Bush House falls silent after last BBC broadcast

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London: There was a lump in many a journalist`s throat today as the last transmission was made from the iconic Bush House, the base from where the BBC World Service reported major events in various languages, including Hindi, for over 70 years. The BBC has moved out of Bush House as part of the corporation`s cost-cutting plans.

For decades, the BBC Hindi Service was broadcast from here, reporting key events such as Indira and Rajiv Gandhi`s assassinations at a time when the news media in India was largely governed by perspectives of the state. In a special broadcast, BBC director general Mark Thompson today said: "This benign Tower of Babel, the scene of so many great broadcasting moments and the home of so many great broadcasters over the years, is now silent; its corridors deserted; its studios empty".

As part of the BBC`s relocation plans to cut costs, the World Service has moved from Bush House to Broadcasting House in central London. Financial compulsions have already reduced the languages in which it is broadcast to 27 languages. As a wave of nostalgia gripped a generation of Indian journalists who worked at the Bush House, Hindi Service journalist Rajesh Priyadarshi told PTI: "It hurts. It was not about brick and mortar, it is the spirit of the building that I will always miss. It will always be with me wherever I go".

Thompson said in the last broadcast: "The BBC first moved into Bush House in 1941. It was wartime and the BBC`s European services had become too big for their temporary headquarters in a converted skating rink in Maida Vale in West London". "In the decades that followed, as the Second World War gave way to the Cold War and then to today`s complex world, Bush House became a unique icon of authority and trustworthiness in news to millions of listeners around the globe," he added.

"Often the World Service and the BBC`s language services were the only source of reliable information available to listeners. In some countries that`s still largely true today," Thompson said. Besides George Orwell and V S Naipaul, those who worked at Bush House over the years included journalists well known to its large Hindi and other language audiences in India, such as Kailash Budhwar, Onkarnath Srivastava, Ratnakara Bhartiya, Harish Khanna, Purushottamlal Pahwa and Achala Sharma.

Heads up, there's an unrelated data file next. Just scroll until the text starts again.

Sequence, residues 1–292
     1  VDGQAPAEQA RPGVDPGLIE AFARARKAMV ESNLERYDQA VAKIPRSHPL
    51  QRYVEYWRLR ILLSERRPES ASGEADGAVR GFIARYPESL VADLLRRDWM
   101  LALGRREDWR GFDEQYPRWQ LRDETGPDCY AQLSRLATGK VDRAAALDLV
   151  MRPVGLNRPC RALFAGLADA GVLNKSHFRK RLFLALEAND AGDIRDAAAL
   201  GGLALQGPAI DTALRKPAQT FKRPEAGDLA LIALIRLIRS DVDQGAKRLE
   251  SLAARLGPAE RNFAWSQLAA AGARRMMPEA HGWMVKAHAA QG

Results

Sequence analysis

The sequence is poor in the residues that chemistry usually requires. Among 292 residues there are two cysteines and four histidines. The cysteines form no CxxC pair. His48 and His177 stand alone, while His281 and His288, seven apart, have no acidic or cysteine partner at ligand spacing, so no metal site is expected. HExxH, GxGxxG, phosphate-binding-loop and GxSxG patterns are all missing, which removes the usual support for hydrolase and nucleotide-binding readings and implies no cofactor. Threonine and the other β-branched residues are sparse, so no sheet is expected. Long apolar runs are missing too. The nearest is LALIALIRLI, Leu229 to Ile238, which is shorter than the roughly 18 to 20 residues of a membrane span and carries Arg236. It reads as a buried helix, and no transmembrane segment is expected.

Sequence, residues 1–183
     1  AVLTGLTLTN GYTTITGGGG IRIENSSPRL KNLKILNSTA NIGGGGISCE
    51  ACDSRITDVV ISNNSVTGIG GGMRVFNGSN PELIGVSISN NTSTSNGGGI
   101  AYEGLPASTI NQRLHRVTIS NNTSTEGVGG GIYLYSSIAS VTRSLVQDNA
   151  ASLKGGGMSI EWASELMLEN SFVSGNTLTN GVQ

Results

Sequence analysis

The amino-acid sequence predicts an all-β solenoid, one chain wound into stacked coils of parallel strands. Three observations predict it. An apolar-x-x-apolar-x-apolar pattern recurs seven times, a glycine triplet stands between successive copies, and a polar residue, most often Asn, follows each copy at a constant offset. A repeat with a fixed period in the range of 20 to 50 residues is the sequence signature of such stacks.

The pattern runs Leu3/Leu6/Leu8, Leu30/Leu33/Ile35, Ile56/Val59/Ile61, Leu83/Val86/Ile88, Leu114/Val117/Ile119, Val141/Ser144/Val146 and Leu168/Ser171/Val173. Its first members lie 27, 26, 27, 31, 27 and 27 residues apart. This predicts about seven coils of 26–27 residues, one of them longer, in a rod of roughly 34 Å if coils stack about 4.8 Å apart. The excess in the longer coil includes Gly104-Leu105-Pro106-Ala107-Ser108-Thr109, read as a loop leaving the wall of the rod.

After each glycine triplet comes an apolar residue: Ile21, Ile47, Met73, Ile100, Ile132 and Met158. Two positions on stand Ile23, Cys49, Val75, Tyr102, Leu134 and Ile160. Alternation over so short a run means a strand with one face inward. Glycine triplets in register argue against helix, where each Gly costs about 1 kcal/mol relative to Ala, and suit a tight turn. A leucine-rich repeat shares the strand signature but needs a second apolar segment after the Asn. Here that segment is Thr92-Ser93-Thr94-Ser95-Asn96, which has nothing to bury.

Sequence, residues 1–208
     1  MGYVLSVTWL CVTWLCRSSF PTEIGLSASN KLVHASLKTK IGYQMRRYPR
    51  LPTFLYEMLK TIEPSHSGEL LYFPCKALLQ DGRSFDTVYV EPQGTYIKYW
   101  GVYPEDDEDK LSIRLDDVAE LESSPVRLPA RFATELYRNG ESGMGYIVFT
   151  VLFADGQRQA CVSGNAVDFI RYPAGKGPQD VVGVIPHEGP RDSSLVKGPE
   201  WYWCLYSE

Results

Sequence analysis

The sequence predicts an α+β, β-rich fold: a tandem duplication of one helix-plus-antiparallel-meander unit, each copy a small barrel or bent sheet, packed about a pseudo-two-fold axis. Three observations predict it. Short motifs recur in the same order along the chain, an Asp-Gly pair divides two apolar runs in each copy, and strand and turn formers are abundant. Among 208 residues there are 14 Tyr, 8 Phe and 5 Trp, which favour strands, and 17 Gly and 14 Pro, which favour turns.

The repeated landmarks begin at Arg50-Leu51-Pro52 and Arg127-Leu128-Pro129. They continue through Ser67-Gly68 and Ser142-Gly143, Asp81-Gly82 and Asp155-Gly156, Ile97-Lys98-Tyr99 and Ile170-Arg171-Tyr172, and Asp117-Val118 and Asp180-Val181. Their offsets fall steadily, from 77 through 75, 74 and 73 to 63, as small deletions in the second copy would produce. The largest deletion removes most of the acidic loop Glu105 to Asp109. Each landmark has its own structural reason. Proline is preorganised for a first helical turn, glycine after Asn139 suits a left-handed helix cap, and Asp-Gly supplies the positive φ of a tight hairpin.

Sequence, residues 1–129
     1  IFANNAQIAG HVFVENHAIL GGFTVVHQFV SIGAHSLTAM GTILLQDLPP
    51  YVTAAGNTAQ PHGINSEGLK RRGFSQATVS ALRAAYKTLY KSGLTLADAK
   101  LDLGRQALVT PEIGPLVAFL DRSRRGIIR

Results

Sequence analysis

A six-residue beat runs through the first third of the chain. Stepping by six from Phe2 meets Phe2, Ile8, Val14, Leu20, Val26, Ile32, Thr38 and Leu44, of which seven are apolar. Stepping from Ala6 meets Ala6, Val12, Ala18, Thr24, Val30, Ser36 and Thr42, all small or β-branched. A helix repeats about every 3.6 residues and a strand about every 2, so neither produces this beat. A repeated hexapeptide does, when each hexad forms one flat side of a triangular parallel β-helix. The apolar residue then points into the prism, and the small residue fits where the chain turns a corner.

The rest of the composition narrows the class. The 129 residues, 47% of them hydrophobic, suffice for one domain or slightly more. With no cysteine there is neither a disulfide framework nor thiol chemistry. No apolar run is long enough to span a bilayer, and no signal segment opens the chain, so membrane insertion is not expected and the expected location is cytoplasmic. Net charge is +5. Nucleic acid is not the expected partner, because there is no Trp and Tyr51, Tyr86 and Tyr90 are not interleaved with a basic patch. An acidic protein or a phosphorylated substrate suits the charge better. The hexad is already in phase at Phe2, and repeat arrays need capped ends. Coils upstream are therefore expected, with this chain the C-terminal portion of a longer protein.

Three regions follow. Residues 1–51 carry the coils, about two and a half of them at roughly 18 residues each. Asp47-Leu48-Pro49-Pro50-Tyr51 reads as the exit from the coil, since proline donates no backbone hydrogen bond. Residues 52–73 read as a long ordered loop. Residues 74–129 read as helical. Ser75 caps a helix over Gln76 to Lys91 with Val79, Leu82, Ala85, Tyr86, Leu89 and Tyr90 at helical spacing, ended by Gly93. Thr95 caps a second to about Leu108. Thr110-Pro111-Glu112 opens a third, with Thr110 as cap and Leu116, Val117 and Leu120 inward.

The BBC World Service began as the BBC Empire Service in 1932. It started its first south Asia division before India`s independence when the Hindustani service was launched on May 11, 1940. The Burmese service began in September 1940. Other language services soon followed from Bush House: Tamil service in May 1941, Bengali in November 1941, Sinhala in March 1942, Urdu in April 1949 and the Nepali service in September 1969.

Many journalists who worked at these services feel a sense of emotional loss at the move away from Bush House. Achala Sharma, who headed the Hindi Service from 1997 to 2008, said: "Having spent 24 years at Bush House, I cannot imagine a better home for the World Service. Its elegant structure buzzed with the sound of different languages from around the world. The building was a witness to the world`s events that unfolded every day".

Journalists recall that leading figures interviewed at Bush House would stay on for informal sessions, including Ravi Shankar, Lata Mangeshkar, Mehdi Hasan, Ghulam Ali, Shashi Kapoor, Inder Gujral, TN Kaul, LK Advani and Qurratulain Hyder. Pervaiz Alam, a senior journalist at the Hindi Service, said: "Bush House was synonymous with professionalism as well as huge fun. Interestingly, in India, Bush House was so well known that some listeners would write only `BBC Bush House London` and the letter would be delivered at our desk".

"Almost every evening at Bush House was unforgettable. Great poets, artists and politicians who recorded programmes with us would stay back and join us for a drink in the famous club," he added. Indian journalists who have worked in Bush House for several years include Pankaj Pachauri, currently the communications adviser to Prime Minister Manmohan Singh. The iconic home of the BBC World Service was designed by Harvey Corbett and built in 1923 with further wings added between 1928 and 1935.

The quintessentially British building was originally constructed for an Anglo-American trading organisation headed by Irving T Bush, after whom it is named. It opened in July 1925, and was then considered the most expensive building in the world, having cost around 2 million pounds. Over a Celtic altar at the centre of the portico is the inscription "Dedicated to the friendship of English-speaking peoples".

Over many years, all the BBC`s foreign language services gradually moved to Bush House. It has broadcast from Bush House for almost 70 years, covering events that have changed and shaped the world. However, the BBC has never owned Bush House. Its owners have been the Church of Wales, the Post Office and now a Japanese-owned organisation, but for millions of listeners in India and elsewhere it remains the building which most represents the BBC.

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